Word Clock: Marching to the same drummer
Performance at a price
If you want to get the full benefits and sound quality from digital audio devices, it is imperative that the elements in the system are all synchronised to a common master clock – called Word Clock (WC). The is especially true – and even mandatory – when you are working with sound-for-picture and video synchronisation.
Word Clock signals are special digital synchronisation signals that run in 110 Ω cables, with BNC connectors. The Word Clock ensures, that audio playback stays in time across many devices and media.
Digital audio signals already contain internal timing information. Some consumer devices may catch the sync by locking to the sync information embedded in the digital audio signal. But Pro Audio equipment usually has a special Word Clock connection, that must be used for the best performance.
Only one master
The word clock is generated by a precisely vibrating crystal in the Word Clock device. As is often the case: the better – the more expensive.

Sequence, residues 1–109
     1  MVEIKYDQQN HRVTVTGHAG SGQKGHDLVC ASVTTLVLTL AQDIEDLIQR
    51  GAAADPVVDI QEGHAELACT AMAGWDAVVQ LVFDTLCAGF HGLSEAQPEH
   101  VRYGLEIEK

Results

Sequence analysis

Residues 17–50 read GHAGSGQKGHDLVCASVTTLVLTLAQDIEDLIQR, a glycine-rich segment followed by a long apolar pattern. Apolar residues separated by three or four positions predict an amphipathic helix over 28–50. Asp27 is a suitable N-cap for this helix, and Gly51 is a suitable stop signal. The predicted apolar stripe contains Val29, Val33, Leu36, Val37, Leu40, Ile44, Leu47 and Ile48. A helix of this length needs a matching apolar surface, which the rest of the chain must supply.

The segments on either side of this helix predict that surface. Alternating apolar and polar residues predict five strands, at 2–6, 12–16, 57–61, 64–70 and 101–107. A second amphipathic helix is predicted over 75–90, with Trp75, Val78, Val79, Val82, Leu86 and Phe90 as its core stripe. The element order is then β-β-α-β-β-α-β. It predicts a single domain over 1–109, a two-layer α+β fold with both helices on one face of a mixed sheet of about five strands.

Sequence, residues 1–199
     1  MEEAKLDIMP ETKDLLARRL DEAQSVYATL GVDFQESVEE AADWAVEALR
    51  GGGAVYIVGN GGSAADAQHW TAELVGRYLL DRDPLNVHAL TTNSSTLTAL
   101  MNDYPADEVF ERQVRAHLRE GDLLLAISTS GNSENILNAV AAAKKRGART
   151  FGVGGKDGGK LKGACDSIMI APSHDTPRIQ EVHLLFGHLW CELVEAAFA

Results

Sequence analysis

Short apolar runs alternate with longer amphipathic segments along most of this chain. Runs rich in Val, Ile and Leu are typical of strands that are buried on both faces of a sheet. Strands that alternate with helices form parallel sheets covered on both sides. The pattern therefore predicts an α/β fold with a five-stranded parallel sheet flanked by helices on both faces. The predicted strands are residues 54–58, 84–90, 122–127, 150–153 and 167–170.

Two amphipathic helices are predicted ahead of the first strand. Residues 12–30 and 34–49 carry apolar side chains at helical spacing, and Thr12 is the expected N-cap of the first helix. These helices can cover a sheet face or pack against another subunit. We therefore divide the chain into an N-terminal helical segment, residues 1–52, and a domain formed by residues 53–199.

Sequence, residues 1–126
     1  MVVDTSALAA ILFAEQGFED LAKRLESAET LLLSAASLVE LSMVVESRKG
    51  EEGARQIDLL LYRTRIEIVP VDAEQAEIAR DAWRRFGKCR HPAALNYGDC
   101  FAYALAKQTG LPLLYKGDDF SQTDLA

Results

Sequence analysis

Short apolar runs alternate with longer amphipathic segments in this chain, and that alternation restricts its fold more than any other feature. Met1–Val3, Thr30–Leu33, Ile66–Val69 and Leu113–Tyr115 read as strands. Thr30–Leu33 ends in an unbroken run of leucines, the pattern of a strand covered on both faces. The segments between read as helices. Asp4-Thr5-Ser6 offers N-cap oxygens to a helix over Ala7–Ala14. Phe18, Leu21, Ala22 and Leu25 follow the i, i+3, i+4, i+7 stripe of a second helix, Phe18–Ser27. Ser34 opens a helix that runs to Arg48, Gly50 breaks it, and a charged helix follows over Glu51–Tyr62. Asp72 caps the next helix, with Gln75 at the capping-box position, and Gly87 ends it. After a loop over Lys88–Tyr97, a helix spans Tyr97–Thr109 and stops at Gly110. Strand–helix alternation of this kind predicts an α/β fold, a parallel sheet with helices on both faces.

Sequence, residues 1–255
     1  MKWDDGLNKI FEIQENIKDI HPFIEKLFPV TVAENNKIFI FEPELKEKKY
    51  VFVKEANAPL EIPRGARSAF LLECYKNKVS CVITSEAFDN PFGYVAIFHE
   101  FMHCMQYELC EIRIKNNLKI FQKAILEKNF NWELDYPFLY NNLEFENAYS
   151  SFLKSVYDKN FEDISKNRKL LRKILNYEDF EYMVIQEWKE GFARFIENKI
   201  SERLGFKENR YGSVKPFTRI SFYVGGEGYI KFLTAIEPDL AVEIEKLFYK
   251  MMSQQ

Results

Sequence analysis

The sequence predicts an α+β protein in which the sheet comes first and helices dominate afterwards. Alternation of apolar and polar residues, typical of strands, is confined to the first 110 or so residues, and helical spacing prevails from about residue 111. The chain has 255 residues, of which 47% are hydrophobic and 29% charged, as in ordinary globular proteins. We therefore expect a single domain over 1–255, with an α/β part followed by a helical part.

There can only be one master clock in a system, so you would want this demanding job to be handled by your most stable clock source. A special Word Clock synchroniser device is the best for this purpose, but the master word clock from your digital audio sound card will work just fine, if you have a smaller system with only a few devices.
Master Word Clock devices can be something like the Rosendahl Nanosync, or the Avid units for Pro Tools systems.
Check those settings
You should check the Word Clock settings for all digital devices in your setup.
- Choose a master clock reference in the Master sync unit – e.g. 48Khz
- Check that all other units are set to “Slave” operation
- Verify that all slave units receive a valid Word Clock signal from the Master.
Usually indicated by a “Lock”, “Slave” or “Sync” LED.
- Perform an audio check and listen for any artifacts – aliasing, dropouts etc.